I used to think Germans behaved strangely in the sun (their manner suspicious, vaguely panicky, a little startled) for the fundamental reason they see very little of it (except for those living in the country’s sunniest city, Freiburg). But living up North these past few months, I have added a second prong to my theorising about the Germans and weather. I now suspect they behave the way they do because one can never be sure, when the sun does eventually come out, whether it will last for 30 seconds, three minutes or three hours and whether, when it disappears, it will be seen again for days or, possibly, weeks.
This is a preview of Living in Germany: Sunlight? What sunlight?.
I’ve already recommended this blog to so many people but I absolutely loved Adam Fletcher’s How to be German in 20 Easy Steps. It’s gone somewhat viral among those of us on Erasmus in Germany because we can relate to so many of the things mentioned and because we all desperately want to learn to be German, obviously.
I loved reading that blog, and generally I love reading anything about “the Germans.” I’ve written about “the Germans,” and yes at times it can seem like a sort of “us” and “them” thing, but that’s just a bit of fun. It’s what we in Ireland would call “having the craic” (.. or in today’s terms “the lols” and “the bants”).
This is a preview of Moving to Germany: Who Are “the Germans”?.
The Irish temperament is quite different from that of the Germans. Photo copyright dpa
The Irish are known for their amazing ability to let things slide and not get too worked up about anything in particular. We’re known for having a good time and not letting things get us down. Even in these dark times of incessant rain and economic doom and gloom, we can always find a way to have a laugh and a good time. We are blessed with this eternal optimism in the form of the phrase “be grand.”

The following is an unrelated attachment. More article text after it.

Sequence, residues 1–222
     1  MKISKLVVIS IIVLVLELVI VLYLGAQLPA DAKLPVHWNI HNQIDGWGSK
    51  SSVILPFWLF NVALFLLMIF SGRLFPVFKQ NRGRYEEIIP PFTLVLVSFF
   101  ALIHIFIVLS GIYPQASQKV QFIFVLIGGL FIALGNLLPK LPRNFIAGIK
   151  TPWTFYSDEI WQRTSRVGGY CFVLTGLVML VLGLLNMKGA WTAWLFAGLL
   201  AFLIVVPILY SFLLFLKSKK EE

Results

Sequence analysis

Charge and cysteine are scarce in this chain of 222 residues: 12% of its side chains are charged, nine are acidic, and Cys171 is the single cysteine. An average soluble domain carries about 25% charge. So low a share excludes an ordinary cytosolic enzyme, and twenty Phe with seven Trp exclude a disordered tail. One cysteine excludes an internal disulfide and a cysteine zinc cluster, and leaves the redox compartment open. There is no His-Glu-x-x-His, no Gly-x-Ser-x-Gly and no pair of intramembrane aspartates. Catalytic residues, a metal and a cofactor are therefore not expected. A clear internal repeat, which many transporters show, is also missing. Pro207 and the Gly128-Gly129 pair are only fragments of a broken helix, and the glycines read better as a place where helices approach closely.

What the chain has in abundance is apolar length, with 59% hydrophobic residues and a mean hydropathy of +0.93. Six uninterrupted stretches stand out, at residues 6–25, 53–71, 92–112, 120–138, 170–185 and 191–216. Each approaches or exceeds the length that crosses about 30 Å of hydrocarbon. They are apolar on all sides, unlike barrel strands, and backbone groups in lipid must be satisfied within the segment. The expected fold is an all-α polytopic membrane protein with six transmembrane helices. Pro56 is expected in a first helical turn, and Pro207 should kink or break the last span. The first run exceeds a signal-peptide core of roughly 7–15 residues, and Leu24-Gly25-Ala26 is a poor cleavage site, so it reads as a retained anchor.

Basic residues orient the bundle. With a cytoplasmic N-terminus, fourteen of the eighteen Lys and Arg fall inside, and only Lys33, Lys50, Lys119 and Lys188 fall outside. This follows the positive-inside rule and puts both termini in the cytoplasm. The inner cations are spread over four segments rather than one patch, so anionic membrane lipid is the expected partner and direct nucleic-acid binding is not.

This is a preview of National Temperaments: Germany Versus Ireland.
A biopic called “Lust for Life” about David Bowie and Iggy Pop’s time in Germany is set for production.
“The time between the two rock titans spent living in their Hauptstrasse apartmen, shopping in KaDeWe and hanging out at Dschungel club resulted in Bowie’s Berlin Trilogy albums (Low, Heroes and Lodger) and Iggy’s Idiot and Lust For Life.” Read the full article here.
Photo (cc) flickr user Leo Reynolds
Bye, Bye Benedict
Of course, the biggest bit of news this week has been the resignation announcement of German Pope Benedict XVI. Immediate contraversy spread around the announcement:
This is a preview of The Week in Germany: David Bowie and the Pope.
Nothing can complicate a conversation like a foreign language. Photo (cc) flickr user julien ‘
“Are we using du or Sie?” A woman leaned over to me to ask this question this morning in an exercise class. “Du,” I answered. There was nothing remarkable about the exchange, and afterwards that woman used the information to address the teacher. But still, every time it happens, every time the concept of du vs Sie gets brought up in conversation here I am reminded that I live in Germany. It’s one of those little differences that has not faded into the background of my life.
This is a preview of Learning German: Minding Your Dus and Sies.
You might think that after seven years of living in the same place, you’d be used to all the differences between that place—which in my case just happens to be a different country with a different language and culture than where I was raised—and the one that you still, irrationally, refer to as “home.” And while I might be used to speaking German and having really good bread available cheaply on every corner, there are still those little things. As they say, “it’s the little differences.”
This is a preview of Expat Life: Philosophers and Drafts.